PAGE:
Tutsday: Timing and Direction for Flow Artists & Fire Spinners
Flow Artists, when using two props at the same time, us the terms timing and direction to refer to the relationship that the props have to one another and the visual aesthetic that they create. In short, timing and direction describe the four fundamental ways to spin your props. When spinning two props, the timing refers to the position of the prop at the moment that one passes the bottom of its circle. The two basic timings used are together time and split time. For example, when both poi are spinning and both poi pass an imaginary point on the ground at the same time, this is together time. When the poi are spinning and each poi passes the bottom at different times and is offset by 180 degrees, this is called, split time. A good analogy is a drummer hitting a drum at the same time with both hands or hitting the drum alternately.
Direction refers to the relative direction that two props have with one another. We are not talking about spinning one prop which is clock wise or counter clockwise. We are talking about the relationship of two props’ direction. The two basic directions are the same and opposite. When both props are spinning the same way like wheels rolling together, this is called, same direction. When both pros are spinning opposite direction, it is consequently called, opposite direction. With two timings and two directions, there are four standard timing direction combinations: tog-same, tog-opp, split-same, and split-opp.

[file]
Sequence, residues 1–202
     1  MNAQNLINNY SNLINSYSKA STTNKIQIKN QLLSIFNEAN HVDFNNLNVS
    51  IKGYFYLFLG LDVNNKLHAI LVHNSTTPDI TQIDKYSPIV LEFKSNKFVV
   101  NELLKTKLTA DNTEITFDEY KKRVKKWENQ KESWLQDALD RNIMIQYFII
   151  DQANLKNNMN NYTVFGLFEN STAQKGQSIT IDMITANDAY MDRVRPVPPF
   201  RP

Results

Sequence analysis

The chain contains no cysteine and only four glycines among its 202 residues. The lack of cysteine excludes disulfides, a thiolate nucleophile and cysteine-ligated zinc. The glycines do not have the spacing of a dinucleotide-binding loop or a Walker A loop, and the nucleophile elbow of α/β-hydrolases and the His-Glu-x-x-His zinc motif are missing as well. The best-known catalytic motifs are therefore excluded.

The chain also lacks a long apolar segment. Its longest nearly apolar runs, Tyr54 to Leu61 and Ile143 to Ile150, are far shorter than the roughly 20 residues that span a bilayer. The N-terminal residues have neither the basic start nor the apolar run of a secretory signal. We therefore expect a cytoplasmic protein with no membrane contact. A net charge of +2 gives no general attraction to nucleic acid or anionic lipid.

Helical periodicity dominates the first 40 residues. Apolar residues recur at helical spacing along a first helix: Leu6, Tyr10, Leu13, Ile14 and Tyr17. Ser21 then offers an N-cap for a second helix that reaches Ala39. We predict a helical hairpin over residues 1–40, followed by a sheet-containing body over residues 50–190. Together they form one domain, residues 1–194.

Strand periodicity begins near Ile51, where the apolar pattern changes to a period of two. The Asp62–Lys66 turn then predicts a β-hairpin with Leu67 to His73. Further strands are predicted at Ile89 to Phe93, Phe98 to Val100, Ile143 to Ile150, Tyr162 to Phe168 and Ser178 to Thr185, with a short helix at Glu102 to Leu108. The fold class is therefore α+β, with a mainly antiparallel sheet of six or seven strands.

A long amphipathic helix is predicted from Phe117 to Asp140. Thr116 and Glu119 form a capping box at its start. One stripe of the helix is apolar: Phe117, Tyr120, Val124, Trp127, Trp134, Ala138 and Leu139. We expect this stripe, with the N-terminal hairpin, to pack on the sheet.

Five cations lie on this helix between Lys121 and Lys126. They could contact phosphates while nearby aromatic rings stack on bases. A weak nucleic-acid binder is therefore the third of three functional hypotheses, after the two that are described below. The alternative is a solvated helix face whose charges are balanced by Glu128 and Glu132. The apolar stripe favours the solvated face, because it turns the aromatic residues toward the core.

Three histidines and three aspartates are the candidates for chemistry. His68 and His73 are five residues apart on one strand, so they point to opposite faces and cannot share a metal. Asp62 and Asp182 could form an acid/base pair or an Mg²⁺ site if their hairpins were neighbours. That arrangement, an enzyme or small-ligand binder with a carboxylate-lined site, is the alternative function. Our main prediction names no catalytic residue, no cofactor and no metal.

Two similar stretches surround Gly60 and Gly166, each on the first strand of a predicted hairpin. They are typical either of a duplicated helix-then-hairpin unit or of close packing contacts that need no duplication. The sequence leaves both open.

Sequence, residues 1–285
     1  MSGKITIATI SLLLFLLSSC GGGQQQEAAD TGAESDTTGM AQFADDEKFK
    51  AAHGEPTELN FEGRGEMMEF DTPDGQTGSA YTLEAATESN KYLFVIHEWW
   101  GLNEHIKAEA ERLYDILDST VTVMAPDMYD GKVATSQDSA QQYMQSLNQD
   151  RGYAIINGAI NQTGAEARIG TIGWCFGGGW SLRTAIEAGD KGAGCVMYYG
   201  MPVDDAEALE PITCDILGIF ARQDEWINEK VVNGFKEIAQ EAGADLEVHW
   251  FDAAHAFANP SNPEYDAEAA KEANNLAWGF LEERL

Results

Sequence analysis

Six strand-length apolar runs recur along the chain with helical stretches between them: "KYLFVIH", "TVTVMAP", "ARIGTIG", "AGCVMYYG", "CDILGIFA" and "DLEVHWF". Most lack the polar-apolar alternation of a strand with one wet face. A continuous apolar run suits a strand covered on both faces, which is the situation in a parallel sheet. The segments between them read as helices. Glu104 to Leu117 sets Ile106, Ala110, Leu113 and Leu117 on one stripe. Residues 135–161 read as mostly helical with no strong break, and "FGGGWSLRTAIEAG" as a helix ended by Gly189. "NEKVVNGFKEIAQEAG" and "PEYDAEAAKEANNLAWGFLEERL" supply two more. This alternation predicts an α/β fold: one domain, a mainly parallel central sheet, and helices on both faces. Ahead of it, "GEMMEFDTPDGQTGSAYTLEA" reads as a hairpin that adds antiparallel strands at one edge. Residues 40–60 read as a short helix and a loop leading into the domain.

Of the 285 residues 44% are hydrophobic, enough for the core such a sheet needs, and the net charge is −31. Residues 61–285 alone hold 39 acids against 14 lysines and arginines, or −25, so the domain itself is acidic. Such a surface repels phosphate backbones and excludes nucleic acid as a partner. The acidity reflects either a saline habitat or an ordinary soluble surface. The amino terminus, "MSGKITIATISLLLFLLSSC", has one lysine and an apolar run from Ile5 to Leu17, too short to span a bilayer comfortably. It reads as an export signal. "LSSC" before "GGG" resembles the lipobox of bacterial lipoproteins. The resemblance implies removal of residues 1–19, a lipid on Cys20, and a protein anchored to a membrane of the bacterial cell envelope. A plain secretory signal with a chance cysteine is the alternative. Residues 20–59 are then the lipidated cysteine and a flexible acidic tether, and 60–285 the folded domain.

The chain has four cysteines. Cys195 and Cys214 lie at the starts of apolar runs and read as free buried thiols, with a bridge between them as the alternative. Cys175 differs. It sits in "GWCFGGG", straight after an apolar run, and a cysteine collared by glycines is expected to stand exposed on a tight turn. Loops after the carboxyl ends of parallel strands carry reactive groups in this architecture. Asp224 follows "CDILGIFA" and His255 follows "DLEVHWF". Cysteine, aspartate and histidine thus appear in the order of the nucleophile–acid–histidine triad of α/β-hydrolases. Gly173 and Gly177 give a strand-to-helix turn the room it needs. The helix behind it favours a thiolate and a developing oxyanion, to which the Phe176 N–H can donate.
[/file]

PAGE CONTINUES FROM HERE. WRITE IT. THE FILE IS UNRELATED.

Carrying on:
Be aware that with an advanced pattern, your hands can move in a different timing and direction than your props move. Remember that the concept of timing and direction assumes a few basic principles in order to accurately describe the spinning relationship.
There are two spinning objects, not more or less
The objects spin at the same speed
The starting position of the props is either together, or 180 degrees opposite
Taking the time to practice these patterns without your props will help you to gain a deeper understanding of these patterns. Timing and direction is a useful concept because it helps spinners of all disciplines learn more quickly and communicate better about their patterns. Learning these timing ad directions will greatly improve your spinning.
Poppe hails from Bloomington, IN where she is an active member in the flow arts community through helping to organize local events, choreograph routines, perform, teach, and mentor.
When she isn't spinning a prop or doing acrobatics, she does web design and development, social media, and content strategy. She hopes to use these skills to help elevate flow artists, the community, and the craft.